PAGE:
How downstream sub-basins depend on upstream inflows to avoid scarcity : typology and global analysis of transboundary rivers

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How downstream sub-basins depend on upstream inflows to avoid scarcity : typology and global analysis of transboundary rivers. / Munia, Hafsa Ahmed; Guillaume, Joseph H. A.; Mirumachi, Naho; Wada, Yoshihide; Kummu, Matti.

In: Hydrology and Earth System Sciences, Vol. 22, No. 5, 08.05.2018, p. 2795-2809.

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@article{966d75b5152f4c6eb85098bf125bdf20,
title = "How downstream sub-basins depend on upstream inflows to avoid scarcity : typology and global analysis of transboundary rivers",
abstract = "Countries sharing river basins are often dependent upon water originating outside their boundaries; meaning that without that upstream water, water scarcity may occur with flow-on implications for water use and management. We develop a formalisation of this concept drawing on ideas about the transition between regimes from resilience literature, using water stress and water shortage as indicators of water scarcity. In our analytical framework, dependency occurs if water from upstream is needed to avoid scarcity. This can be diagnosed by comparing different types of water availability on which a sub-basin relies, in particular local runoff and upstream inflows. At the same time, possible upstream water withdrawals reduce available water downstream, influencing the latter water availability. By developing a framework of scarcity and dependency, we contribute to the understanding of transitions between system regimes. We apply our analytical framework to global transboundary river basins at the scale of sub-basin areas (SBAs). Our results show that 1175 million people live under water stress (42{\%} of the total transboundary population). Surprisingly, the majority (1150 million) of these currently suffer from stress only due to their own excessive water use and possible water from upstream does not have impact on the stress status - i.e. they are not yet dependent on upstream water to avoid stress - but could still impact on the intensity of the stress. At the same time, 386 million people (14 {\%}) live in SBAs that can avoid stress owing to available water from upstream and have thus upstream dependency. In the case of water shortage, 306 million people (11 {\%}) live in SBAs dependent on upstream water to avoid possible shortage. The identification of transitions between system regimes sheds light on how SBAs may be affected in the future, potentially contributing to further refined analysis of inter-and intrabasin hydro-political power relations and strategic planning of management practices in transboundary basins.",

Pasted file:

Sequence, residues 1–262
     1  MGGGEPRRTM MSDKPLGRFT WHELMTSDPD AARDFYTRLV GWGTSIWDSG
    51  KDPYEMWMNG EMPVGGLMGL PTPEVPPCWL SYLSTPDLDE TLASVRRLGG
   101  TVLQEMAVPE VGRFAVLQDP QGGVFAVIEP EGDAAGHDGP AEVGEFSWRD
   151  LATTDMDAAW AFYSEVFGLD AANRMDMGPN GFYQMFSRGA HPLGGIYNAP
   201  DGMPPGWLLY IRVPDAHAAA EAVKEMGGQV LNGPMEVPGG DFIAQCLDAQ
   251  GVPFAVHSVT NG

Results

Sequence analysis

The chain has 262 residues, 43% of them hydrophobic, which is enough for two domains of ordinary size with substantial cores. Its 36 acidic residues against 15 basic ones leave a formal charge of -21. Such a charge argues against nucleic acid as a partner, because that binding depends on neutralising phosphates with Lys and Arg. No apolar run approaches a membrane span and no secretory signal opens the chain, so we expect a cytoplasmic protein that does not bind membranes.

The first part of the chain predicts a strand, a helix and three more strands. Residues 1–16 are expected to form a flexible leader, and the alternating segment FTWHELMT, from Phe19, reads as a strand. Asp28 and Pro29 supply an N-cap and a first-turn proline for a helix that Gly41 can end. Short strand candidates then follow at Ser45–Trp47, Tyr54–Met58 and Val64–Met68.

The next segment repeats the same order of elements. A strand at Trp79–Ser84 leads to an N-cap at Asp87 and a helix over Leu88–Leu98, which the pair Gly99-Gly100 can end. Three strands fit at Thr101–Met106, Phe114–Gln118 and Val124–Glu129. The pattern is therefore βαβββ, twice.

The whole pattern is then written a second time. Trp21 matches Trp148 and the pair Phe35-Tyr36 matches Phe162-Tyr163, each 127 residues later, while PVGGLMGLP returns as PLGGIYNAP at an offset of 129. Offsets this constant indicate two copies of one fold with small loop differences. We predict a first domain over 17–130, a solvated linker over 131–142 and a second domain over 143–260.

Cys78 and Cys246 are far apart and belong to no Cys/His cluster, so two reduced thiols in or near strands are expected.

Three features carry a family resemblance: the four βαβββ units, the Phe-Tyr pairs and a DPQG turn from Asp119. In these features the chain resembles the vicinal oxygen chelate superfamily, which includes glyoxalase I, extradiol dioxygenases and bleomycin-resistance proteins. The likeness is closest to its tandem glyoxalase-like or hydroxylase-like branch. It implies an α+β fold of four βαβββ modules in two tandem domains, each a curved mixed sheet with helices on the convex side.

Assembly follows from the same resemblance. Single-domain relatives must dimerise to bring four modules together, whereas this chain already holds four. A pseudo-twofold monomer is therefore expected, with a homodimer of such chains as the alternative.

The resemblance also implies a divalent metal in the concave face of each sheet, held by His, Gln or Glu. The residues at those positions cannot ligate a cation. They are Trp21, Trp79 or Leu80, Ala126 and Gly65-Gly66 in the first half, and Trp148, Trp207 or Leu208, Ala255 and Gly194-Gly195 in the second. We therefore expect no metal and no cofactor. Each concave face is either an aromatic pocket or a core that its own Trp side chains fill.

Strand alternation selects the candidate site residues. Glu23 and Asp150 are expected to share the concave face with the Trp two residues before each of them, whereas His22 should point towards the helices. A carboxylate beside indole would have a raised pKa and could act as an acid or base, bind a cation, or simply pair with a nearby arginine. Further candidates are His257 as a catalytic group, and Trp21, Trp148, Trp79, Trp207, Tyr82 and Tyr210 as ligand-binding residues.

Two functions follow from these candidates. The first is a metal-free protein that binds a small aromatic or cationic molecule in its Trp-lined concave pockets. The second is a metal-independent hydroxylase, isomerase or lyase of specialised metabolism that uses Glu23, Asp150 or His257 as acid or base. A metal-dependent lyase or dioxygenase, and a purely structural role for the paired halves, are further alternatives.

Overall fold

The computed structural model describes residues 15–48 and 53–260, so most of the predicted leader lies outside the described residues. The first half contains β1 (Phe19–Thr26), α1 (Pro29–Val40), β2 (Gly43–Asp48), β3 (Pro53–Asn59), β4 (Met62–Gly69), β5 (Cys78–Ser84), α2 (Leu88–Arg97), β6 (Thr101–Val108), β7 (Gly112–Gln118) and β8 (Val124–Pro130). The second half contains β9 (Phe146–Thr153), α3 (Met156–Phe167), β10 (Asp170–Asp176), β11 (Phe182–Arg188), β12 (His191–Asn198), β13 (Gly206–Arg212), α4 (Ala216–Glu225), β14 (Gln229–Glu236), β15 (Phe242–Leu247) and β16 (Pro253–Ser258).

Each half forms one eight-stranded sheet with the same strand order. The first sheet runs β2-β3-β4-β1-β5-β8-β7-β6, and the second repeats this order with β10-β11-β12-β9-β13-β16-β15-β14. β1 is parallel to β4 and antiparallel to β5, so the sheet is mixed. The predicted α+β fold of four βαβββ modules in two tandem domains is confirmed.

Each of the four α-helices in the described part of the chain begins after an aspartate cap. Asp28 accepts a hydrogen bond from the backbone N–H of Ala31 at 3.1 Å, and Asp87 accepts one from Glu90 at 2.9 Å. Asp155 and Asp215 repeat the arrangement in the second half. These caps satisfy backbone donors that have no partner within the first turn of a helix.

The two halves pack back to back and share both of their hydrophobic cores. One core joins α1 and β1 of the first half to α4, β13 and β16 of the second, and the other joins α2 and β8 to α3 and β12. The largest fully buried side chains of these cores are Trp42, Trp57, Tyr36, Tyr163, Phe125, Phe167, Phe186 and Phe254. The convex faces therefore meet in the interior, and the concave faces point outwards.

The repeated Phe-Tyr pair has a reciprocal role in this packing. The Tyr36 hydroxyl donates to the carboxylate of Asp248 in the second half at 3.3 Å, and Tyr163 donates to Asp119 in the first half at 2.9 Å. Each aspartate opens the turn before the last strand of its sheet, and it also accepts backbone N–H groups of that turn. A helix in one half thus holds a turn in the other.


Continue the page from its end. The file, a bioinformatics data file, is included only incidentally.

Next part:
keywords = "WATER SCARCITY, CLIMATE-CHANGE, FOOD-PRODUCTION, VARIABILITY, CONFLICT, REQUIREMENTS, FUTURE, AVAILABILITY, ASSESSMENTS, COOPERATION",
author = "Munia, {Hafsa Ahmed} and Guillaume, {Joseph H. A.} and Naho Mirumachi and Yoshihide Wada and Matti Kummu",
year = "2018",
month = "5",
day = "8",
doi = "10.5194/hess-22-2795-2018",
language = "English",
volume = "22",
pages = "2795--2809",
journal = "Hydrology and Earth System Sciences",
issn = "1027-5606",
publisher = "Copernicus Gesellschaft mbH",
number = "5",

}

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TY - JOUR

T1 - How downstream sub-basins depend on upstream inflows to avoid scarcity : typology and global analysis of transboundary rivers

AU - Munia, Hafsa Ahmed

AU - Guillaume, Joseph H. A.

AU - Mirumachi, Naho

AU - Wada, Yoshihide

AU - Kummu, Matti

PY - 2018/5/8

Y1 - 2018/5/8